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Well, 264 episodes have been produced for the twelve-season "Murder,
She Wrote" television series, and now we're up to the last of these.
During the initial CBS broadcasts of "Death by Demographics," Angela Lansbury delivers a note of gratitude to share her appreciation to viewers for tuning into watch the adventures of J.B. Fletcher, whom she develops well throughout this series.
This makes one wonder how the series may have endured otherwise, had producers cast one of its original choices for the starring role, as Angela reportedly had been their fifth choice; some of the other contenders seem to have had a history of abandoning previous series, whereas Angela Lansbury goes on to serve as Executive Producer for "MSW's" last four seasons.
This program's co-creators have reportedly clashed with Angela over the direction of her character, as we see a somewhat different sleuth emerging throughout the series. Two aspects which they have all agreed upon, however, would be that Jessica would never drive an automobile, and that she would have no lasting romantic interest. So, they have succeeded on these points and beyond.
And now, the series winding to a somewhat unceremonious close, as producers have learned their lesson about these "send-off" episodes, Jessica Fletcher (Angela Lansbury) visits her dear old friend Howard Deans (David Ogden Stiers) in San Francisco. (What begins on the Atlantic side of Maine climaxes on the Pacific side of California.)
Radio Station KLOY 114.3-FM in San Francisco plans to undergo a format change, from Classical music to Modern Rock, causing Howard Deans to face unemployment, as he specializes in presenting recordings composed by the greats, such as Tchaikovsky's "1812 Overture," a rendition of which Howard broadcasts with Jessica at his side, and Sound Engineer Eddie Mapes (Paul Linke) in the adjacent control room.
(Jessica arrives to promote her latest Mystery, "A Case and a Half of Murder.")
KLOY owner Graham Forbes (Robert Pine) welcomes from vacation his son, Bud Forbes (Robert Curtis Brown), to break the news about the station's switch from Classical to Rock, a move which Bud finds unsettling, when someone even more unsettling enters the office, Lauren (Lucinda Weist), a young lady from Cincinnati who plans to marry Graham, thus causing reservations on Bud's behalf.
Lauren has convinced Graham to hire Russ Connell (James Acheson) as youth-oriented program director and T. T. Baines (Christian Bocher) as disc jockey, beginning next Monday, when Howard's morning program will leave the airwaves. Russ and T. T. are on hand to adjust the station.
(Lauren, Russ and T. T. share a past in Cincinnati, Chicago and St. Louis, as they worm their way into radio stations and manage to get the station owner to propose to Lauren, who was once engaged to Russ, and then Russ makes the move to have T. T. change the station's format, while Russ is busy blackmailing personnel, before they move their scam to another city, which they plan to do after this.) But now, Lauren claims to have fallen in love with Graham for real, and she wants free of Russ and T. T.'s scam.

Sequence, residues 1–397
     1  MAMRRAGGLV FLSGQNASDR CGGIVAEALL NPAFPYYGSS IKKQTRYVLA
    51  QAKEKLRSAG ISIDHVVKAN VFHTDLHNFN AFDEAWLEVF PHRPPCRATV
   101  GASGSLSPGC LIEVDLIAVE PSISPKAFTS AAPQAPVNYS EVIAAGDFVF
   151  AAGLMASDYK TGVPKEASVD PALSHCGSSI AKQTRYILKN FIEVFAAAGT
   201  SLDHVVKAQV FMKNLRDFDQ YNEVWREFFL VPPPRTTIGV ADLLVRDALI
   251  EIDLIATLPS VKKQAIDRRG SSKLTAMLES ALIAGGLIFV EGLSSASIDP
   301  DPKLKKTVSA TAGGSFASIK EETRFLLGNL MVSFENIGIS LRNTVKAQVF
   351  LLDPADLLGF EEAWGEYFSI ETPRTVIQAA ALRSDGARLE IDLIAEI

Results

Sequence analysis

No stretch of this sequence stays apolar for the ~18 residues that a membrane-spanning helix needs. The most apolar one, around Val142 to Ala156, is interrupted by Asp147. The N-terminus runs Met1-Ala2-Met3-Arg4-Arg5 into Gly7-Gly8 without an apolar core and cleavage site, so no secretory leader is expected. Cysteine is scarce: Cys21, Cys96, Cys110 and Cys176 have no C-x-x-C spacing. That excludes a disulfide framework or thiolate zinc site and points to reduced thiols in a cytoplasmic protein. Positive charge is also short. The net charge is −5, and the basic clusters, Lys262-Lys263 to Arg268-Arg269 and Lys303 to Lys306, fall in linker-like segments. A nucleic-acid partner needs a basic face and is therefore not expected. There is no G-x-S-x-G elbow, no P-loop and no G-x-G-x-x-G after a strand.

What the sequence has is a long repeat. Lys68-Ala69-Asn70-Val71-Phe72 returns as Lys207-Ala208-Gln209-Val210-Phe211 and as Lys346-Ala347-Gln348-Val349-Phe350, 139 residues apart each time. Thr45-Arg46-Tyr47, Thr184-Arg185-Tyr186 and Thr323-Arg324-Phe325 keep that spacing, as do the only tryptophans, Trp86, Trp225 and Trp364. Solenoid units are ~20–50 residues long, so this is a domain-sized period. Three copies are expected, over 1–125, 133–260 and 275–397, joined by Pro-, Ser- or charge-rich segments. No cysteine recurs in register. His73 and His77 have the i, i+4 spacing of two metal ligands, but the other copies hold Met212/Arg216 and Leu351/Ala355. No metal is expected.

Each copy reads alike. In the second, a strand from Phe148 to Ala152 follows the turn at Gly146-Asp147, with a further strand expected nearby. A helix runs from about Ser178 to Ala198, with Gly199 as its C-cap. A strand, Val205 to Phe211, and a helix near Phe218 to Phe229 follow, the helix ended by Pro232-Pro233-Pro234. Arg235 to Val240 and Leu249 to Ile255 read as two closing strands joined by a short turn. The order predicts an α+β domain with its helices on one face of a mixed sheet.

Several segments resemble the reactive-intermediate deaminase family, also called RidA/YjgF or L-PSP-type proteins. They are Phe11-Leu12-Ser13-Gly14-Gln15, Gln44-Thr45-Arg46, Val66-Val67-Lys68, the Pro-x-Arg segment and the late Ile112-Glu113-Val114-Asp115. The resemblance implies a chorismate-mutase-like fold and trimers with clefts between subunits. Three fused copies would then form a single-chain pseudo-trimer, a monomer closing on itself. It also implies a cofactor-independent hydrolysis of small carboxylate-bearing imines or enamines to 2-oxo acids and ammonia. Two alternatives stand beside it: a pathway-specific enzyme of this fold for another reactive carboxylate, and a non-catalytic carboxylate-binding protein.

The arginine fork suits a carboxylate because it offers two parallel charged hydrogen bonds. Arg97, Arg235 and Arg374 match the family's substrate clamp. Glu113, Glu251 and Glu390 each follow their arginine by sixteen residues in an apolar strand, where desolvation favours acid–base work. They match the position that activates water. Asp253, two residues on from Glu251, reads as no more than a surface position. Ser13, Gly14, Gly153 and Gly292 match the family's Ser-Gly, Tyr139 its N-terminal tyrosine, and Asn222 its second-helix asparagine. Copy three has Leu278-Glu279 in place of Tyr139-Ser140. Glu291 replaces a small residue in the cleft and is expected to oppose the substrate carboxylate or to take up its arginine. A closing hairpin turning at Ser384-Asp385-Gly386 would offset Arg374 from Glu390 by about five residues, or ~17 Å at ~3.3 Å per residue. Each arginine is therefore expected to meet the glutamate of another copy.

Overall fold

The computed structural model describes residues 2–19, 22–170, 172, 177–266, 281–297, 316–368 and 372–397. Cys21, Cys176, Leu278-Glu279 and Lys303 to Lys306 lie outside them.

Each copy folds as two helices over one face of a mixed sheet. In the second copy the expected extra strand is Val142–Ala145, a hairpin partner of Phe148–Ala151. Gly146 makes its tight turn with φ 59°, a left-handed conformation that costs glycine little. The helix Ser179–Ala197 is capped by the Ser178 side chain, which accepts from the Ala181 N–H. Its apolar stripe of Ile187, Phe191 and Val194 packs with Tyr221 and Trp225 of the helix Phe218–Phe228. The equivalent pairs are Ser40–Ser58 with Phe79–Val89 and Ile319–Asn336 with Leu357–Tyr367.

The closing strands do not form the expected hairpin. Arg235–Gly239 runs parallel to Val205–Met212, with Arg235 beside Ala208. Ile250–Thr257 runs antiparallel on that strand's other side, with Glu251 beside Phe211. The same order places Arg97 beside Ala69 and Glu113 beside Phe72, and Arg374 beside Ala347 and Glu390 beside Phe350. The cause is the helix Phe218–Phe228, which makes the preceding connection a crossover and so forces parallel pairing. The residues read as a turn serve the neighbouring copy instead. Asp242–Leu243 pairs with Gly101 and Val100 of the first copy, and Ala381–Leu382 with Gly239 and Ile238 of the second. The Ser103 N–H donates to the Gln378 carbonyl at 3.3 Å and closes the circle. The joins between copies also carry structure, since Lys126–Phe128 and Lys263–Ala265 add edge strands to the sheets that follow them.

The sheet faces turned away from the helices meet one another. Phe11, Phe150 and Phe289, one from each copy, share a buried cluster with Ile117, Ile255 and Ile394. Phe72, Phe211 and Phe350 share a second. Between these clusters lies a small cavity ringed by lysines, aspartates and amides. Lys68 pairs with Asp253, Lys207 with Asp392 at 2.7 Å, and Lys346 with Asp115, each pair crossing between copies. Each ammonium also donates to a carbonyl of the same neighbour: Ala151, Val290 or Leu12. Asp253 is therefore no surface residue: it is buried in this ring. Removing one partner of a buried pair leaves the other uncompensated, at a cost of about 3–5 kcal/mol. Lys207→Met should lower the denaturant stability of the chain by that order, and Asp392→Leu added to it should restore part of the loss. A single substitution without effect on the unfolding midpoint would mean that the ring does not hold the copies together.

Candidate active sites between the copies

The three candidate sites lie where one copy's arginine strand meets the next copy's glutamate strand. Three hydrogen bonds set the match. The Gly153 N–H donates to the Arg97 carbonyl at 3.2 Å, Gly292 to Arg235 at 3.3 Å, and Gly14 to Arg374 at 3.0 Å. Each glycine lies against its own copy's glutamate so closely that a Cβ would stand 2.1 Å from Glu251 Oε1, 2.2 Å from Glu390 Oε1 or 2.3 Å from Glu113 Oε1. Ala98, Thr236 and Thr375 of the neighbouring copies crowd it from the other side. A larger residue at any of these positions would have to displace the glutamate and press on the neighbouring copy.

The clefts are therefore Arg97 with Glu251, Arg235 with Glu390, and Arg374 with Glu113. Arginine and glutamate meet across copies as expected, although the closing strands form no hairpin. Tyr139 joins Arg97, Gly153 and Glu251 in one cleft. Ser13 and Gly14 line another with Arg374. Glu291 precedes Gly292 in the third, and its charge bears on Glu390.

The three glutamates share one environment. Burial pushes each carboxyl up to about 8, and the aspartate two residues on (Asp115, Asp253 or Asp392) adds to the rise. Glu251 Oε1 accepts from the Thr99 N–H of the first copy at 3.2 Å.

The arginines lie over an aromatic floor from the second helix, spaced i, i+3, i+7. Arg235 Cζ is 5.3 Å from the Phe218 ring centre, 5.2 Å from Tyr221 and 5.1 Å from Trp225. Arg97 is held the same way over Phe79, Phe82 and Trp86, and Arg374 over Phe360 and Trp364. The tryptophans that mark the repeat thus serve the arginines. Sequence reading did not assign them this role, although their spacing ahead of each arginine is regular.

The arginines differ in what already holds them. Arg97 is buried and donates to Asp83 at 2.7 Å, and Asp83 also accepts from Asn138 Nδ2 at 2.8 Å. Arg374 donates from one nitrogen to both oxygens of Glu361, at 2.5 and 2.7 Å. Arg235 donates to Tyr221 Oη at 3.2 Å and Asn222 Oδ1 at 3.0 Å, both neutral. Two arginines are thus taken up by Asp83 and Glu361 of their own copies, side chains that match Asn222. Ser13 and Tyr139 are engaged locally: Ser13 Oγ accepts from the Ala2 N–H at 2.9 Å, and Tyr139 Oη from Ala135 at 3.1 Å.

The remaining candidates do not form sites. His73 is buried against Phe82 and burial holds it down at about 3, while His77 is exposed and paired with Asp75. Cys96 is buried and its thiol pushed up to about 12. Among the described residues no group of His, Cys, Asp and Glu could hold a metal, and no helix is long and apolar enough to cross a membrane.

Colleen Sellers (Robin Riker), Annie Lawson (Diana Canova) and Dave Pittman (Kenneth Tigar) work behind the scenes at KLOY, in sales, promotions and accounting divisions. Colleen, from Bangor, Maine, has a history of introducing headline-grabbing gimmicks, while Dave has had to borrow $45,000 from the till to pay for medical expenses, a transaction with which Annie has secretly assisted Dave, and now Russ is blackmailing these three.
One evening when Russ and T. T. emerge from a restaurant to enter their automobile, someone aims a rifle to shoot through their window, they emerging unscathed, but SFPD Lieutenant Evans (Seth Jaffe) soon arrives at KLOY to question Howard Deans, as the prime suspect, whom Jessica champions as her dear old friend.
But late one other night, someone reaches for a fireplace poker to murder a victim, not by bludgeoning, but by stabbing, by way of variety.
Jessica joins Lieutenant Evans in the resulting investigation, they discovering that more than one suspect has entered the apartment that night, he intending to nail Howard, she standing her ground to defend Howard against "Death by Demographics."
(This title also reflects the cancellation of "MSW" because of a shift in the popular direction of television viewing audiences of the day.)
This episode represents the second of two "MSW" appearances each for Robin Riker, Christian Bocher, and Seth Jaffe (both as SFPD Lieutenant Evans), the third of three each for Diana Canova, Robert Curtis Brown and David Ogden Stiers, the fifth of five for Robert Pine, and the 264th of 264 "MSW" series performances for Angela Lansbury, or at least before the upcoming four "MSW" TV reunion movies (to date).
*** This review may contain spoilers ***
Murder, She Wrote deserves congratulations for running 12 seasons, and
it is one of the longest running prime time network series.
Death by Demographics is the final episode every of the series (although MSW TV movies followed this, just like Diagnosis Murder). I'm not sure if the plot to this final episode, Death by Demographics, was a swipe at the network or the audience generally for abandoning the old and true formula of MSW for younger demographics watching Must See TV on NBC, but if there's any consolation, MSW ran for two seasons longer than Friends.
David Odgen Stiers (who played Major Winchester, a classical music buff in M*A*S*H), plays a classical music presenter in this episode.
I don't know if the axe fell on the MSW series before this episode was filmed, but I would have loved to have seen a special curtain call at the end of the episode with Angela Lansbury and the cast and crew, thanking the fans for 12 years of support.
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